3. MINDFULNESS (deep breathing). If I’m feeling overwhelmed at any point during the day, sitting down and focusing on slowly breathing in and out often calms me down. This felt intimidating, uncomfortable, weird, and very difficult at first – I’m still not good at it, but the following resources have helped me add mindfulness into the busyness of daily life.

  • Buddhify: App available for Apple devices ($4.99) and Android ($2.99). Includes 80 guided soundtracks chosen based on one of 16 environments you are in (e.g., “At work,” “Before bed,” “Can’t sleep”, “Walking,” etc.). I use the “waking up” and “walking” options very frequently.

  • Calm: Free app available for Apple devices and Android, as well as a website. Both guided and unguided soundtrack options that help calm me down. I especially like the variety of nature sounds.

  • Headspace: Free app available for Apple devices and Android. A more structured approach to mindfulness with a community of users.

  • Mindfulness in Plain English by Bhante Henepola Gunaratana – A highly informative how-to book on the basics of mindfulness, with over a quarter of a million copies sold. If you want my highlighted notes, please email me.

  • Way of the Peaceful Warrior by Dan Millman – My favorite book ever! It’s a story rather than a how-to-guide, but it always reminds me how to live a more mindful life. If you want my highlighted notes, please email me.

4. MORNING ROUTINE. Nailing the first couple hours of my day makes everything much less stressful. On weekdays, I try to wake up at 7 am, do some deep breathing while my water for tea boils (I love the eight-minute “Good” – Waking Up track on Buddhify), read for fun, exercise, and then start work at 9 am. It’s rare that I accomplish this every day of the work week, but even on the few days that I do, it makes a tremendous difference.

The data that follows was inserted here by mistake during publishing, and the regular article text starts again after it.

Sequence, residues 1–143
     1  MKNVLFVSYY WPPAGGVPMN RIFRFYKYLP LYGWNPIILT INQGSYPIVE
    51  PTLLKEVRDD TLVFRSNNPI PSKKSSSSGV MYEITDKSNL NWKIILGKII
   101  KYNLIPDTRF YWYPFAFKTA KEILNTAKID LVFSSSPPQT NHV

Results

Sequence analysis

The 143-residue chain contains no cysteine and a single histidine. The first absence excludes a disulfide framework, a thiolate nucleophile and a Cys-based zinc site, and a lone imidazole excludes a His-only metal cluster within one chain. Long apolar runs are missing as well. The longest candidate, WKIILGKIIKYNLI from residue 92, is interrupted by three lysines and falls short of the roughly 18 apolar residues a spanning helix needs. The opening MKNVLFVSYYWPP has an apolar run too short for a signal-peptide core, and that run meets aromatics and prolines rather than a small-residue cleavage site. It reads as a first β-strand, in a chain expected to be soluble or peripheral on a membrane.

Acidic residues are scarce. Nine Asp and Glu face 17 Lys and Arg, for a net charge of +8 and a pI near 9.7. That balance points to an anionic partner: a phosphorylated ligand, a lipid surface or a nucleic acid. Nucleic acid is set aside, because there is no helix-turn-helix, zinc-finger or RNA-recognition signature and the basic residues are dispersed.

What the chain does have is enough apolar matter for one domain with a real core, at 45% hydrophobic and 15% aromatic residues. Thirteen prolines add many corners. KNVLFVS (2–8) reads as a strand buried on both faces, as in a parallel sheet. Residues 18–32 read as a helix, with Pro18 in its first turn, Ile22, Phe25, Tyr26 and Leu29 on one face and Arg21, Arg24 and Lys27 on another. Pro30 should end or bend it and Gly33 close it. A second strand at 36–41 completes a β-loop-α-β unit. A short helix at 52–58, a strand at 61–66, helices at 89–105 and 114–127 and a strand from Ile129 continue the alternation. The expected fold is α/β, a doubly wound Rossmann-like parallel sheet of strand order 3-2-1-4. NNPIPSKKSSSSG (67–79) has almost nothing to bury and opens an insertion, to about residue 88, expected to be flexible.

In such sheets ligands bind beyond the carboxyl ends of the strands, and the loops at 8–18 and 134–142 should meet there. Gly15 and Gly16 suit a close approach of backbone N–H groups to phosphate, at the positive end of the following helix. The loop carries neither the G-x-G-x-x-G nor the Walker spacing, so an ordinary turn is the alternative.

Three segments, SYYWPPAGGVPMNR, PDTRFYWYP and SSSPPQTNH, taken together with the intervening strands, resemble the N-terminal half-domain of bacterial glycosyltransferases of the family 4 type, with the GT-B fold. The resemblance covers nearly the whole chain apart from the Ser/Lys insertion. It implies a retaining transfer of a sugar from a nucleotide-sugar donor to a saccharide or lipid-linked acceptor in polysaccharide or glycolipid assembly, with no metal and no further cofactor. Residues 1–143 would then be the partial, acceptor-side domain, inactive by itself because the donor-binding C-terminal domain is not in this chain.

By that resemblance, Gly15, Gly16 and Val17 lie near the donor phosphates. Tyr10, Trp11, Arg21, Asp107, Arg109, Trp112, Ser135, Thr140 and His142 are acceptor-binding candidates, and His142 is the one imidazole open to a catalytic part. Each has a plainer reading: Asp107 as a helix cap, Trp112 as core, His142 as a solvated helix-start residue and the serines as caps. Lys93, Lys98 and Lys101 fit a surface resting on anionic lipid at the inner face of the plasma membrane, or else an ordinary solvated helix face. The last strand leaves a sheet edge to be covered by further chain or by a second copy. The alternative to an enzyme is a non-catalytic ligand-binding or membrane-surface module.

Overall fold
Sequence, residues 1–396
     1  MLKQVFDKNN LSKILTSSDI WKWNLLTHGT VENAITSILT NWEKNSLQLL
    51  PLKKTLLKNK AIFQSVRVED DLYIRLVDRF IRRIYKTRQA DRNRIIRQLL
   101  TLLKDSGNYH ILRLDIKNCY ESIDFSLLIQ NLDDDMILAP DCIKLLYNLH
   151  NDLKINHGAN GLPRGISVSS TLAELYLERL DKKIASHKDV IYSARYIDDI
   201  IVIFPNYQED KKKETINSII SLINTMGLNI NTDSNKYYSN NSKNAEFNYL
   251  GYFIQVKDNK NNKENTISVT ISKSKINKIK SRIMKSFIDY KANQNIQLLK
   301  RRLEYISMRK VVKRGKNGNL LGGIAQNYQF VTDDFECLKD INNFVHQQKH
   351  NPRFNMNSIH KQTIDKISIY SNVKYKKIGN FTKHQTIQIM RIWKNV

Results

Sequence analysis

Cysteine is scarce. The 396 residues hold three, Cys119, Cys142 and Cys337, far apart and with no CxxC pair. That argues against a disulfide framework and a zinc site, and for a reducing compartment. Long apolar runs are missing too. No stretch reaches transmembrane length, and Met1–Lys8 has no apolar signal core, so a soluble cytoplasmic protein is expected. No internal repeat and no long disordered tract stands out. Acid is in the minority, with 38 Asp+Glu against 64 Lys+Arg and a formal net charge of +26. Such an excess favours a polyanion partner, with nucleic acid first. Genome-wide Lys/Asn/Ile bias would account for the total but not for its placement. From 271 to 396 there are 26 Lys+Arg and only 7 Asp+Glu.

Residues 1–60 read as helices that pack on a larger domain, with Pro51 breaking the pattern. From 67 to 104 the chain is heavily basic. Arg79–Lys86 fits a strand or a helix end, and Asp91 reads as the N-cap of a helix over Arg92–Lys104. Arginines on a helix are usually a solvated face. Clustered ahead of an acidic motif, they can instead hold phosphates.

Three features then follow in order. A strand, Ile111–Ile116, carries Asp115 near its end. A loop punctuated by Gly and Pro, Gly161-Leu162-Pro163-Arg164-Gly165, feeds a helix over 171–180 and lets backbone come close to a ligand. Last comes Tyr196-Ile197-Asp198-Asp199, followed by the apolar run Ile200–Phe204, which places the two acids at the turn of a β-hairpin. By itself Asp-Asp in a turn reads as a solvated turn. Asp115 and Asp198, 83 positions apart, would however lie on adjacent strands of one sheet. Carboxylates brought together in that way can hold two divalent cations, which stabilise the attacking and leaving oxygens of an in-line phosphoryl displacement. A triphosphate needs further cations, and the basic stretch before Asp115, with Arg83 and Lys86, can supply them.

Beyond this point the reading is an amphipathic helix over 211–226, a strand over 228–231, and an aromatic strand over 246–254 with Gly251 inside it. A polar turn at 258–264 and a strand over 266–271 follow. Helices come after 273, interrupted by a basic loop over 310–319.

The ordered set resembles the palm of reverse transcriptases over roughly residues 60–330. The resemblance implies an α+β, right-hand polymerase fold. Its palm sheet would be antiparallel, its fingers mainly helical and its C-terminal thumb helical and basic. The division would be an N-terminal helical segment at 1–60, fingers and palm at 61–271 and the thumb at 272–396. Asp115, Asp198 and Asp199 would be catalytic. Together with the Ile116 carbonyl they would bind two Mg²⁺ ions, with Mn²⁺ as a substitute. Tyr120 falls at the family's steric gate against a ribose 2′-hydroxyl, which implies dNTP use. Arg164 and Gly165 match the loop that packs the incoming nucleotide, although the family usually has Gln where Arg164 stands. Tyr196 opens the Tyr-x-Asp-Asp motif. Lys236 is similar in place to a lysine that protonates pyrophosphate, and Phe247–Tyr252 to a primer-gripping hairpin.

• I try not to look at my phone or email in these first two hours of the day, since that’s where a lot of my weekday stress comes from. I admit that I’m not always successful. Using “Do not Disturb” mode or leaving my phone turned off are helpful self-control strategies.

Concluding Thoughts

Stress inevitably comes with living in the 21st century, and especially as part of living with diabetes. I’ve found the 4Ms to be useful stress reduction strategies: Mindset, Movement, Mindfulness, and Morning routine. There’s no question that I still feel plenty of stress on many days of the week, but I always know that at least one of these approaches can help.

I definitely don’t have all the answers to this article’s title, so I would love to hear from you! What makes you feel diabetes stress? What techniques are helpful for you? Let me know by email or on twitter